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Margaret Abe-Koga

Running for: 

Supervisor District 5

Campaign Website: 

1) PAC*SJ recently released its second annual “Endangered Eight” list of the most threatened historic places in San José. Which of these places (including those from our 2022 “Endangered Eight” of which some remain endangered) most resonates with you personally? Which of these would you use the power of your elected office to address, and how? 

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2) Is there a historic place or preservation issue not on our 2022 or 2023 “Endangered Eight” lists that you would nominate to be added? If so, what solutions would you offer as an elected official to address the issue/threat?

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3) In the past three years alone, at least six vacant historic buildings in San José have been lost to fire, and many more have suffered from chronic neglect and vandalism. Often, these properties were left vacant after former tenants were displaced in anticipation of future development that never materialized.  How would you propose more effective code enforcement and security measures to encourage better stewardship and to prevent the continued loss of our historic resources to neglect? What additional solutions would you propose to address these systemic problems?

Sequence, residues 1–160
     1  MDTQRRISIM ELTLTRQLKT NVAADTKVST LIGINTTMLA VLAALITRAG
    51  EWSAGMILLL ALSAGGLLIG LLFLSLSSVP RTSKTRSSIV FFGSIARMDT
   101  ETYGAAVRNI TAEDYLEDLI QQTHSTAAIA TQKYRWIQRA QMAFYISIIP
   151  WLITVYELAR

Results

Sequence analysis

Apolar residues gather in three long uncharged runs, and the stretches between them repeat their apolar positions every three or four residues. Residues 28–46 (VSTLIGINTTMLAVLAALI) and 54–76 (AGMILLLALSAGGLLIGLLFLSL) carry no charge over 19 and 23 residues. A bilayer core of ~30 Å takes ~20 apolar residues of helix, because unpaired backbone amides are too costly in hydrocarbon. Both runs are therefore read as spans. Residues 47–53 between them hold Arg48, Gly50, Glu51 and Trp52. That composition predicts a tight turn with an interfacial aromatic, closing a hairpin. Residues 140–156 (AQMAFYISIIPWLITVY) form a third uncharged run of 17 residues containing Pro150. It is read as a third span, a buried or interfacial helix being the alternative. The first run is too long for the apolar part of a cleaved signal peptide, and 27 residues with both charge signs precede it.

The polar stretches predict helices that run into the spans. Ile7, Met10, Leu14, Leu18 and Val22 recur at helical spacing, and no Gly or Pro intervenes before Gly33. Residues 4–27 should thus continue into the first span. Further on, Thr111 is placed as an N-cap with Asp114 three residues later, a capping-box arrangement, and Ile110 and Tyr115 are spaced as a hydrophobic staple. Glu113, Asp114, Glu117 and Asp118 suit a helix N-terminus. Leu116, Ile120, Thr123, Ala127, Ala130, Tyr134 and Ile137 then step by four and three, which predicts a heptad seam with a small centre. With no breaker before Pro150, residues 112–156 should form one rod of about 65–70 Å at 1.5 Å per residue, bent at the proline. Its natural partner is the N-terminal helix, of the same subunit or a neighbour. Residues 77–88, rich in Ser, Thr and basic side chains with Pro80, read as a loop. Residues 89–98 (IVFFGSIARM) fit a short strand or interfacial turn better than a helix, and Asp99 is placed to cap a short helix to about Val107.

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4) Do you believe the County should require compensatory mitigation fees and/or surety bonds from developers who request and receive entitlements to alter or demolish historic resources under County jurisdiction?  If such policies are instituted and enforced, how would you like to see those funds directed?

Yes, if we had to allow the demolition or alteration. The funds should be used to incentivize and assist property owners to maintain their historic properties.

5) The County has long acknowledged that its Heritage Resource Inventory-- a countywide survey of historic sites intended to proactively guide development decisions-- is incomplete and out-of-date. Do you support increased County funding and staffing levels to ensure that the HRI is an up-to-date and effective planning tool for communities and developers alike?